Digital Snapshot

by Eva U Wagner

NEW ZEALAND – Budget 2021

Digital Snapshot #14/21

21 May 2021

A potpourri of current affairs topics from Australia, New Zealand and the South Pacific brought to you by KAS Australia and the Pacific. The weekly digital snapshot showcases selected media and think tank articles to provide a panorama view and analysis of the debate in these countries.

Disclaimer: The views expressed in these articles do not necessarily reflect KAS Australia’s position. Rather, they have been selected to present an overview of the various topics and perspectives which have been dominating the public and political debate in Australia and the Pacific region.

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The New Zealand Government has released its Budget for the upcoming financial year. In his Budget speech, Finance Minister Grant Robertson from the governing Labour Party said that the Budget was about securing the country’s economic recovery. The NZ Herald tells us 10 things we need to know about it:

Covid: There’s $5.1b left in the $62b Covid response and recovery fund. Treasury forecasts the borders to re-open by 1 January 2022.

Unemployment: Figures are forecast to peak at 5.3% in September this year, and to fall to 4.4% by June 2025.

Economy: Estimated to grow at 2.9% in the upcoming financial year, then to 4.4% for 2023. The better-than-expected operating allowance is $3.8b.

Debt: The Government expects to borrow an extra $100b in the five years to 2025. Net core debt is forecast to peak at 48% of GDP in 2023. The next surplus is expected in 2027 – at 0.1% of GDP.

Infrastructure: An extra $15.1b (bringing the total to $57.3b from 2021 to 2025), including $810m for KiwiRail, $761m for school property, $700m for hospitals and $306m for Scott Base.

Climate change: $19.7m for future response to the Climate Change Commission’s final recommendations. Recycling revenue from the ETS will add $3b over five years.

Health: Labour keeps election promises with an extra $200m for Pharmac, but back-down on free annual GP visit and eye check for Supergold cardholders as it is of “limited benefit”.

Welfare and families: Benefits will increase by between $32 and $55 a week, while student living support will go up $25 a week. This will cost $3.3b over four years.

Housing prices: Annual house price growth is forecast to peak in June (17.3%) this year, stalling at 0.9% next year, then to rise again to 2.5% in 2025.

Maori housing: $380m for 1000 new homes for Māori, repairs for 700 Māori -owned homes; ring-fencing $350m of the $3.8b housing fund announced in March for at least 2700 Māori homes.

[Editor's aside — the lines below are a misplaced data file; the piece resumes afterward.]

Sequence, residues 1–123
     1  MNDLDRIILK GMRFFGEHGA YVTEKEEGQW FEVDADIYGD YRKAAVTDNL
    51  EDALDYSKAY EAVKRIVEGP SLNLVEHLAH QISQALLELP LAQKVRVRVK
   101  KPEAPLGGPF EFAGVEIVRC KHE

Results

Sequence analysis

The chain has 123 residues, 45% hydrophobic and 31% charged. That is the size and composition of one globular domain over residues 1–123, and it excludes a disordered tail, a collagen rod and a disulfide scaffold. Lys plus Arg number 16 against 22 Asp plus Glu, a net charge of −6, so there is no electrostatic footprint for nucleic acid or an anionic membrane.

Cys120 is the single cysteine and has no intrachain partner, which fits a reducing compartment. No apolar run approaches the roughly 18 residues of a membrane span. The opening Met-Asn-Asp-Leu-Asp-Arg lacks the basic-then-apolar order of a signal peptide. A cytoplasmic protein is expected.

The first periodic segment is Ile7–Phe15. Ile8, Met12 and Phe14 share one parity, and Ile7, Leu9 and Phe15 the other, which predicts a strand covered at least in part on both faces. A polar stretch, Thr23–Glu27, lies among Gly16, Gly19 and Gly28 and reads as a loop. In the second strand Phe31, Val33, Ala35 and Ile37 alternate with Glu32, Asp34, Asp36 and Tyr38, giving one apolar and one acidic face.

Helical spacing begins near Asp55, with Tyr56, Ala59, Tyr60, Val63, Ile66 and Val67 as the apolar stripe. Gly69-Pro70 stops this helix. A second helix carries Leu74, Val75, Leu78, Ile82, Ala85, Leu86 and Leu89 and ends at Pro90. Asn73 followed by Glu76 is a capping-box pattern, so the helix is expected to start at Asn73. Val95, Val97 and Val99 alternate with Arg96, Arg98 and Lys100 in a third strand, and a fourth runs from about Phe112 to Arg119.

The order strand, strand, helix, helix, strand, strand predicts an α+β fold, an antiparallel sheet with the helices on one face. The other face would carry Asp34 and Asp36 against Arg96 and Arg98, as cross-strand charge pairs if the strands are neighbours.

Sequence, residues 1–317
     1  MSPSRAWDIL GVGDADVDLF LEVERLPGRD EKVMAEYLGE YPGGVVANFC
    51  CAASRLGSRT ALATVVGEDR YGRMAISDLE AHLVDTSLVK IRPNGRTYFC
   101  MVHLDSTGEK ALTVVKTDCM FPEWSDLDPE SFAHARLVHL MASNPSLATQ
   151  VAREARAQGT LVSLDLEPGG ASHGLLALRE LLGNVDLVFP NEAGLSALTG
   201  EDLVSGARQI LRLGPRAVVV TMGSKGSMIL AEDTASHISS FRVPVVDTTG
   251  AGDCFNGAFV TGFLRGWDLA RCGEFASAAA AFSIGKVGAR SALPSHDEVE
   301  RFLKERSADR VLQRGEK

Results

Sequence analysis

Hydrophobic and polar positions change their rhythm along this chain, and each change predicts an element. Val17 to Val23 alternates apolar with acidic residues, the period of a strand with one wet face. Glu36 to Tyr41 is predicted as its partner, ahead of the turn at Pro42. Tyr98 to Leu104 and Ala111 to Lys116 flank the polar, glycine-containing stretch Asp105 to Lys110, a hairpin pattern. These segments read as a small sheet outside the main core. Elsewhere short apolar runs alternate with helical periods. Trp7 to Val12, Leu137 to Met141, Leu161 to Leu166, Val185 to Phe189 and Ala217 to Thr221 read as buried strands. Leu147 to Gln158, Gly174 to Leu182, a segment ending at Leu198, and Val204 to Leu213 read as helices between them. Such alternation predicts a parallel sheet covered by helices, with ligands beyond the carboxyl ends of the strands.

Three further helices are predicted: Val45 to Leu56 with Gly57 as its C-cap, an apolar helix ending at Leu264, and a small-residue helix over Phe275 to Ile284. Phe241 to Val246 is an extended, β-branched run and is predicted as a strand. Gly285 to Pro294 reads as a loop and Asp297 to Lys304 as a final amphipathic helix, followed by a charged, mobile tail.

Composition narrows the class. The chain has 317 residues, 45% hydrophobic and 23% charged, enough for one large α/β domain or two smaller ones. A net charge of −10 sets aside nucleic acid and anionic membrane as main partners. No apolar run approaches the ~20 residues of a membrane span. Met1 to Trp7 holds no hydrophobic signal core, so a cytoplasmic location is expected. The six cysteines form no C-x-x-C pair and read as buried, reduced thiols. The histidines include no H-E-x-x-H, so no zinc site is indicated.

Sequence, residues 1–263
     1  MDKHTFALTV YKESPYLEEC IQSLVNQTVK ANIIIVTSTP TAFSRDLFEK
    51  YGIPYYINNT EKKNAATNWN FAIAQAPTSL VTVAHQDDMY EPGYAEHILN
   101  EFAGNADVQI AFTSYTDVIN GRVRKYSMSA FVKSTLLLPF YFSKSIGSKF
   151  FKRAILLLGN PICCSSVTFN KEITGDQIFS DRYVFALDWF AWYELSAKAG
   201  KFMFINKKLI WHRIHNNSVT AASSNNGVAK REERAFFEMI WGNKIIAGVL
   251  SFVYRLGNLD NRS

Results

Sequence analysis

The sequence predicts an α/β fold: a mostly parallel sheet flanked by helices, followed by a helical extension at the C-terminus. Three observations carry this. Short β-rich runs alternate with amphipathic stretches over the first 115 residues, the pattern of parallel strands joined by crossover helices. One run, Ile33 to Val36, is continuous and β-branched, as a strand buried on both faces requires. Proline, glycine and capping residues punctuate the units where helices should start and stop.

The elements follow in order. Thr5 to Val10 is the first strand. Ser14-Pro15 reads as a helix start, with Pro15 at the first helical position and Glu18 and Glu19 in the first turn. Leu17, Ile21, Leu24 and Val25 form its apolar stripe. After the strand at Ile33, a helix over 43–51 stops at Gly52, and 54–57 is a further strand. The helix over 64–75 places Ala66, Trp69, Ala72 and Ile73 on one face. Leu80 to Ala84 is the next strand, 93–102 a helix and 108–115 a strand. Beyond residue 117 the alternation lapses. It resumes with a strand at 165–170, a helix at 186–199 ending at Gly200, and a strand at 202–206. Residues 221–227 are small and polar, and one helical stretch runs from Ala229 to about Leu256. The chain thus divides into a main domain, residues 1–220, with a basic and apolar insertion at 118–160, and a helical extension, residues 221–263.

The Budget represents the centre-left government’s third “wellbeing” budget in a row, with the largest increase to welfare payments in more than a generation as the centerpiece. In response, National Party and opposition leader Judith Collins pointed out that the costs of living had gone up under the Labour government, which had no confidence in growing the economy, which was why benefits were going up. She made it clear that her party’s focus would have been on creating jobs.

Similar to Australia, New Zealand’s economy is recovering quicker than forecast from the pandemic. While both countries’ Budgets provide for big spending, Jacinda Ardern’s government is said to have refrained from borrowing at Australian-style levels. New Zealand is forecast to run a deficit of $15.1 billion ($A14 billion) compared to Australia’s $A106 billion this year, and to return to the black by 2026/27. The Treasury expects the deficit to peak at 5.3% of GDP in June 2022 before declining to 0.6% of GDP by June 2025.

In the Budget debate, Prime Minister Jacinda Ardern said that Australia’s real GDP was 2.9% compared to New Zealand’s 3.5% on average over the last 4 years. In terms of employment, New Zealand’s unemployment rate [4.7% compared to 5.6% in the March quarter] was currently lower and forecast to be lower by 2024 (4.2% compared to 4.5%) than Australia’s jobless numbers. New Zealand’s operating balance was healthier, and the net debt lower, than that of Australia. Notably, New Zealand’s borders are forecast to re-open six months earlier than Australia’s borders (1 January compared to mid-2022).

The Budget has received mixed reviews. An analyst from The NZ Initiative, for example, concluded that while the Budget provided a few nods in the general direction of productivity, without sustained productivity growth, future budgets would have a harder time covering the costs of this year’s budget. Chartered Accountants Australia New Zealand rated the Budget to be a “tax-light” budget that still needed clarity and certainty in regards to the tax announcements. Auckland Action Against Poverty (AAAP) slammed the Government for “moving too slow”, saying the benefit increase was “weak”. There was also criticism that the Budget did not deliver for middle-income earners. In reply, PM Ardern said that addressing poverty was something “all New Zealanders want[ed] to see”.

The Australian Prime Minister Scott Morrison is scheduled to visit New Zealand in the end of May for an annual leaders meeting. It will be his second overseas trip since the outbreak of the pandemic after he visited Japan in November last year. In turn, Prime Minister Jacinda Ardern is due to visit Australia in July for trade talks. This will be her first overseas trip since the arrival of COVID-19. Thanks to the two-way travel bubble which came into force last month, neither of them will have to quarantine upon arrival in, and return to, their respective country.